March 23: Update from the Office of the Chief Human Resources Officer (OCHRO)

March 23, 2020 - Defence Stories

This message contains updated information from the Government of Canada’s Office of the Chief Human Resources Officer (OCHRO) for all Public Service employees.

If you have any questions about how this information pertains to you, please speak to your manager or contact HR Connect RH at 1-833-RHR-MDND (1-833-747-6363) between 08h00 and 16h00 EST.

You are also encouraged to visit the DND/CAF COVID-19 Information Page for the latest information pertinent to both civilian andmilitary Defence Team members.

Guidance - Gatherings in the workplace

In the context of COVID-19, gatherings have been discouraged in order to limit the spread of the virus and guidelines have been developed for event organizers and planners to make decisions. Numbers of people constituting a gathering in this context has been reduced from 250 to 50 by the Public Health Agency of Canada, and even 5 in certain provinces.

As long as employees or visitors to the workplace are not required to be in close contact with each other, such as in a meeting room, a waiting area or a boardroom, the situation is not considered a gathering. Both the Public Health Agency of Canada (PHAC) and Health Canada’s Public Service Occupational Health Program (PSOHP) have provided specific advice which applies to the workplace. General advice includes:

We reiterate that managers are to consider on-site work only if the work meets the definition of critical service and working remotely to support it is not feasible.

The above interpretation is in line with instructions from national and local health agencies as of March 22, 2020. Evaluations of each workplace, in collaboration with the departmental OHS policy committee, the departmental workplace committee or the health and safety representative, can assist in ensuring that the guidance provided by PHAC and PSOHP (Health Canada) is applied and can support managers in determining how to continue delivering critical services as required.

On-site critical services

Managers are to consider on-site work only if the work meets the definition of critical service and working remotely to support it is not feasible.

A critical service is one that, if disrupted, would result in a high or very high degree of injury to the health, safety, security or economic well-being of Canadians, or to the effective functioning of the Government of Canada. All departments are required to identify their respective critical services and related supporting resources. For more information, please refer to the Policy on Government Security.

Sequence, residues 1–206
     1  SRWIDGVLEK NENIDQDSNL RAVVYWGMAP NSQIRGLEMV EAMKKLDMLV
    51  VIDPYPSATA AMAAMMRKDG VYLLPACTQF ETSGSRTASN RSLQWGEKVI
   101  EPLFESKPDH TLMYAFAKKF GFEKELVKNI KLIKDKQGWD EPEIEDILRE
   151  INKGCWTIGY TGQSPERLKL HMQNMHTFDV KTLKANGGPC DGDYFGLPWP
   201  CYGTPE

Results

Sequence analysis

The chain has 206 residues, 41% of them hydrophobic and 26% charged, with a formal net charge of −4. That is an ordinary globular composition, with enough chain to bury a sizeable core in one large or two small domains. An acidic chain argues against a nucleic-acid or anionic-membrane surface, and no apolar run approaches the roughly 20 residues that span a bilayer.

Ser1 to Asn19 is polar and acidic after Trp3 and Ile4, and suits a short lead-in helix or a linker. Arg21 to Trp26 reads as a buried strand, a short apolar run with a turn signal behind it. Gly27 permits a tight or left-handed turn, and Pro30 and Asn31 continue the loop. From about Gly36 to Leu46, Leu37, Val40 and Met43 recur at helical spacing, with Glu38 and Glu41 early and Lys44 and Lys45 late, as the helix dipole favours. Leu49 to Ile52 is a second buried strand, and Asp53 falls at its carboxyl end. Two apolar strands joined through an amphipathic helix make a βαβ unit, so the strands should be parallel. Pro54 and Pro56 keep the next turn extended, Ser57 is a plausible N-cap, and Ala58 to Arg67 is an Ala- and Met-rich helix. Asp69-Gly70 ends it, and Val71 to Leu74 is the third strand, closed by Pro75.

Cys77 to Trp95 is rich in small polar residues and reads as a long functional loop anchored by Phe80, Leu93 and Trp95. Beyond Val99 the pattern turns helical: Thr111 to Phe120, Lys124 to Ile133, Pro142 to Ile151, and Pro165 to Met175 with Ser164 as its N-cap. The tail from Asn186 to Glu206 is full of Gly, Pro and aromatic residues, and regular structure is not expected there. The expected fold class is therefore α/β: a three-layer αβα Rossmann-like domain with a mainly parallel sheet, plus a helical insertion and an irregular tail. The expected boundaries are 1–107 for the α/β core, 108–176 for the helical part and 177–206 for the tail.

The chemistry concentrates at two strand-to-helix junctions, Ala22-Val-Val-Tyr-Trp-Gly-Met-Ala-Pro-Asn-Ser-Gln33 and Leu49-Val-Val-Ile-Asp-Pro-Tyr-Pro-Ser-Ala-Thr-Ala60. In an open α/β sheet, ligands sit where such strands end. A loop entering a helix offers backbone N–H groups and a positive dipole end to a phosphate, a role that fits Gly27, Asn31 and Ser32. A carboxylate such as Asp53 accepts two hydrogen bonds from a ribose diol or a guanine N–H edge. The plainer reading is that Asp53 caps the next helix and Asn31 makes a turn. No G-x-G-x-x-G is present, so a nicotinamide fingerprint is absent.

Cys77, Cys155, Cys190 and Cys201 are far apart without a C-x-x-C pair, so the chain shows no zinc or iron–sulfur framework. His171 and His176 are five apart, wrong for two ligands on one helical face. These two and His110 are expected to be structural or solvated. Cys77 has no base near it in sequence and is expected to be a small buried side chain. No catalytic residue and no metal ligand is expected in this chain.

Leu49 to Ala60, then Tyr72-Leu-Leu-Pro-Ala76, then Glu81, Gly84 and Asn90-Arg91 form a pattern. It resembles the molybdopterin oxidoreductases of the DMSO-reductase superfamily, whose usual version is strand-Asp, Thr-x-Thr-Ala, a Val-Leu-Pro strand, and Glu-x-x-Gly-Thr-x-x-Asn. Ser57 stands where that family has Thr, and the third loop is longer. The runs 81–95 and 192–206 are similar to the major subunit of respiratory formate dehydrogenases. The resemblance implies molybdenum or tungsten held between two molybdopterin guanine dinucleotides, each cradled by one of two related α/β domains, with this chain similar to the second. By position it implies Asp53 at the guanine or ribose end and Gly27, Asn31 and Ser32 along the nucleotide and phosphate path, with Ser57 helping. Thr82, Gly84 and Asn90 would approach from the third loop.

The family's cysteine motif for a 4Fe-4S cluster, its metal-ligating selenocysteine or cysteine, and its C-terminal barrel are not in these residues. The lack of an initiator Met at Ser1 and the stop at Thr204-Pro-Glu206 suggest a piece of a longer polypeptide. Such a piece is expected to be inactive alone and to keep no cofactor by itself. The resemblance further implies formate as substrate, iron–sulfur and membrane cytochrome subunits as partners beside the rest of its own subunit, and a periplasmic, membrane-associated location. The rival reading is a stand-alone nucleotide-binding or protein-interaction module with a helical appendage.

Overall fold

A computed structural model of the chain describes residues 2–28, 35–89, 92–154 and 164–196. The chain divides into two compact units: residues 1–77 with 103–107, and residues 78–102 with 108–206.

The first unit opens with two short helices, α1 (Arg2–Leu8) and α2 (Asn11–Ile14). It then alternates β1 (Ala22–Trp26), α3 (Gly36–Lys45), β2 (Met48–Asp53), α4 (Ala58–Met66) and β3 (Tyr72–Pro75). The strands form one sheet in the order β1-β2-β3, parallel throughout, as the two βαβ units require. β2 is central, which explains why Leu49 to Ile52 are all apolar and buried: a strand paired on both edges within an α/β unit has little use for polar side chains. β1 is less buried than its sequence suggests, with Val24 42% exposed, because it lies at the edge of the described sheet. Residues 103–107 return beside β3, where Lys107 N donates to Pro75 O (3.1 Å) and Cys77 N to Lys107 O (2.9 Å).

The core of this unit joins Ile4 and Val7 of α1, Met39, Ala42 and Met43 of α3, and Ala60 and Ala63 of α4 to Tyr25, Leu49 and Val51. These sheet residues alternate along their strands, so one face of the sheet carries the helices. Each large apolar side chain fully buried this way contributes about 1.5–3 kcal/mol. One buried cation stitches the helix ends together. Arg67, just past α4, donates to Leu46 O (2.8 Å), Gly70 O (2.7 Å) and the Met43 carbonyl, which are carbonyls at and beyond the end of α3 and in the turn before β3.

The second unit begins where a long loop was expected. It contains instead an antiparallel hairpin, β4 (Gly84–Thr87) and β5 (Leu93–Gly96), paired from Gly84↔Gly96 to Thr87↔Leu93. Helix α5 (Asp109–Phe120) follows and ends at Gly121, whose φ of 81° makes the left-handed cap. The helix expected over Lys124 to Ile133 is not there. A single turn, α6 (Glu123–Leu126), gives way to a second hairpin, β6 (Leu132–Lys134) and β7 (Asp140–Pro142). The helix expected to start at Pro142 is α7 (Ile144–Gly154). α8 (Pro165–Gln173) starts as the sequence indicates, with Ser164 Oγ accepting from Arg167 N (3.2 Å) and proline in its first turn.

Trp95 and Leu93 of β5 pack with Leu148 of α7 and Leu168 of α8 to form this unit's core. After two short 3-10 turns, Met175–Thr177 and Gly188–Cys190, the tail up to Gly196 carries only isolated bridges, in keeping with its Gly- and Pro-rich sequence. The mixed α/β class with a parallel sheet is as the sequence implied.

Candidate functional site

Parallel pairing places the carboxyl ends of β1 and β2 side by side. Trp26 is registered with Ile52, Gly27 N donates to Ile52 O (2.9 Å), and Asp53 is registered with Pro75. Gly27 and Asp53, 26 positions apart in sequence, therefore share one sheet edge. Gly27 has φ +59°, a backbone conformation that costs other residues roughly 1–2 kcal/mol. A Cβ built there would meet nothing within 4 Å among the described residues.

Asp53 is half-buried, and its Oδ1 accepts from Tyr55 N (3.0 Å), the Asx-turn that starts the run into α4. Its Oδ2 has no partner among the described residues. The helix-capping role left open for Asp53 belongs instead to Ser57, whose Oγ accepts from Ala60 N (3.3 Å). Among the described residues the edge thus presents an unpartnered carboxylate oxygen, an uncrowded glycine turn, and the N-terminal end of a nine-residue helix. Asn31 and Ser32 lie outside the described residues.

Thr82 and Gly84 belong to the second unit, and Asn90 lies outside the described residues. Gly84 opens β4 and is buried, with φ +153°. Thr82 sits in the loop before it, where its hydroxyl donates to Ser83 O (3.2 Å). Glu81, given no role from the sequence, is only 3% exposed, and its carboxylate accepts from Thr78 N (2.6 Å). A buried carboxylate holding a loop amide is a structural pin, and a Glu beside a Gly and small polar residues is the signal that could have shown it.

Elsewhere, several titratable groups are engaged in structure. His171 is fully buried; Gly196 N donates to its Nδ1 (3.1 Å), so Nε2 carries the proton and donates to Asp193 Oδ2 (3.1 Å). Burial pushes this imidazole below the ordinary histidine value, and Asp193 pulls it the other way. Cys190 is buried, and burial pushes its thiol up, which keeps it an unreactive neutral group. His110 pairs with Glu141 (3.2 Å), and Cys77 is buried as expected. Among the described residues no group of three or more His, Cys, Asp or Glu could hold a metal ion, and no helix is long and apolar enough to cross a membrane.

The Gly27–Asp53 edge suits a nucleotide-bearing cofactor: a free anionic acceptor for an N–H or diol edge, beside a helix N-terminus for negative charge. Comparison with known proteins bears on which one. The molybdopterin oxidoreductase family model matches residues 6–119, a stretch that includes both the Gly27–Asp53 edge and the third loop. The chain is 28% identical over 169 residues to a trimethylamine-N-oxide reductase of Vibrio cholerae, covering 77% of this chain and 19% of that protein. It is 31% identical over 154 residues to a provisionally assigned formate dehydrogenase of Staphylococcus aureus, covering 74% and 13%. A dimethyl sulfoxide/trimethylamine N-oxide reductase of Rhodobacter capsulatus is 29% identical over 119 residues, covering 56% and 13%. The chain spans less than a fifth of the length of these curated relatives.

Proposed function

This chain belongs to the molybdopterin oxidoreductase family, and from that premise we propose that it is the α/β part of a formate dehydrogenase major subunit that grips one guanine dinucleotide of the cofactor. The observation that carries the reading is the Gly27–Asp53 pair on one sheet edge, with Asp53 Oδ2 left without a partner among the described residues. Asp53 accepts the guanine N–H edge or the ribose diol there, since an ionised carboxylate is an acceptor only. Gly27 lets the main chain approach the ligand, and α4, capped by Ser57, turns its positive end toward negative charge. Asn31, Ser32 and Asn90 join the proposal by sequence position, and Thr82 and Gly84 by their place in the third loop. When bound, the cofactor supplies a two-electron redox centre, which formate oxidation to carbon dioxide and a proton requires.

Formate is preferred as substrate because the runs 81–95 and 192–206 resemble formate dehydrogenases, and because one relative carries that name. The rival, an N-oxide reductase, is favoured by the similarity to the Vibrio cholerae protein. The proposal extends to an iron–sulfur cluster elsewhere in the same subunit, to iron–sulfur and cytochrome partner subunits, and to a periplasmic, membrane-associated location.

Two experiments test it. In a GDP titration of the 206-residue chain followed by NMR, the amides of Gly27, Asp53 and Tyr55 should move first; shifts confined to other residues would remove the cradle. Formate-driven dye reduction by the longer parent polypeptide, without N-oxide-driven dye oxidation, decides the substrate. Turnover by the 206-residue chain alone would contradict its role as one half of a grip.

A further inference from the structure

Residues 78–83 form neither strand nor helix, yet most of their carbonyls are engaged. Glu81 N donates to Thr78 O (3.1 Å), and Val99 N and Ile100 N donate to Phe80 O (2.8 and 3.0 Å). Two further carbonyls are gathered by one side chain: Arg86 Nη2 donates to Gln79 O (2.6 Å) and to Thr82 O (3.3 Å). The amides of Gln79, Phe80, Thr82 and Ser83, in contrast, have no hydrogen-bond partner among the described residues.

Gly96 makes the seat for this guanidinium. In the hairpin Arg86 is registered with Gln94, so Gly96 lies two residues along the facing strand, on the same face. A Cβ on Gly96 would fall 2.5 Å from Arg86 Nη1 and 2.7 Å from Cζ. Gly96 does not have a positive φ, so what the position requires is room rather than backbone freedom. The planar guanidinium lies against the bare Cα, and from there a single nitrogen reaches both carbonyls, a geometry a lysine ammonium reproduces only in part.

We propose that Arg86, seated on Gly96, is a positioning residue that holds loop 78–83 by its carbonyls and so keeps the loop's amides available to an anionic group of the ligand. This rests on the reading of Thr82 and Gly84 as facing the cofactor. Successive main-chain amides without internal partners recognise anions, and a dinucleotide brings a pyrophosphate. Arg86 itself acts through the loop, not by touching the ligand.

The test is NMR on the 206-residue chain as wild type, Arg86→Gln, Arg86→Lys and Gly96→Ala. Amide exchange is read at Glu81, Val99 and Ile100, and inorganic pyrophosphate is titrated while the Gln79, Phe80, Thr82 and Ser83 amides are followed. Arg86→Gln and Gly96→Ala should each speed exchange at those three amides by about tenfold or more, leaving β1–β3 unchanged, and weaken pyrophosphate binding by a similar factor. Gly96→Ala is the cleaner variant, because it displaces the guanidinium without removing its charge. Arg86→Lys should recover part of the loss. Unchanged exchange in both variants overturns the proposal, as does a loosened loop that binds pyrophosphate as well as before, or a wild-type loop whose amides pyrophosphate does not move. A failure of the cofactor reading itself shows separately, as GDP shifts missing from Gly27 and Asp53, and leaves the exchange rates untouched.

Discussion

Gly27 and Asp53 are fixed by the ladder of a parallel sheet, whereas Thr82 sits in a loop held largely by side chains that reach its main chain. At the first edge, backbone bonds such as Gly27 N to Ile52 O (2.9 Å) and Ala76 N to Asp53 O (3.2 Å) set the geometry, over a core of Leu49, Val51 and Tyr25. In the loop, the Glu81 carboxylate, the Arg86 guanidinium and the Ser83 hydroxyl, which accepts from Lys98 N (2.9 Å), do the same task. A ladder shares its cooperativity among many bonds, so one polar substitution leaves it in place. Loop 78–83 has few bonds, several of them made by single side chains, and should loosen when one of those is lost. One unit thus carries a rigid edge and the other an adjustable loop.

Given the nature of the crisis, your existing list of critical services may not be up to date. If you have not done so already, I invite you to revise it accordingly and to identify redundancy for the highest demand jobs, to account for possible absences or to prevent burnout of staff should the situation persist. 

By contrast, an essential service is used to determine which positions must continue to provide service during strike activity. Essential service agreements are agreed to with the bargaining agents. No current essential service agreements exist for the vast majority of public service organizations. 

As before, please continue to refer to the Information for Government of Canada Employees (with advisories and messages for employees) and Canada.ca/Coronavirus websites.

Thank you for your support as we do our best to protect the health of our workforce.

Network usage for critical and non-critical services

Business Continuity Planning (BCP) guidance and directives to departments do not stipulate how network resources should be used to support employees performing critical and non-critical services.

Appropriate network usage to maximize availability for priority users is a decision at the discretion of each Deputy Head. Any decision should be taken in consultation with the departmental Chief Information Officer (CIO) and Chief Security Officer, who are supported with the latest network capacity updates from Shared Services Canada and the Treasury Board Secretariat’s Office of the Chief Information Officer.

In all cases, please refer to network usage best practices that were shared in our message from March 13 or consult with your CIO.

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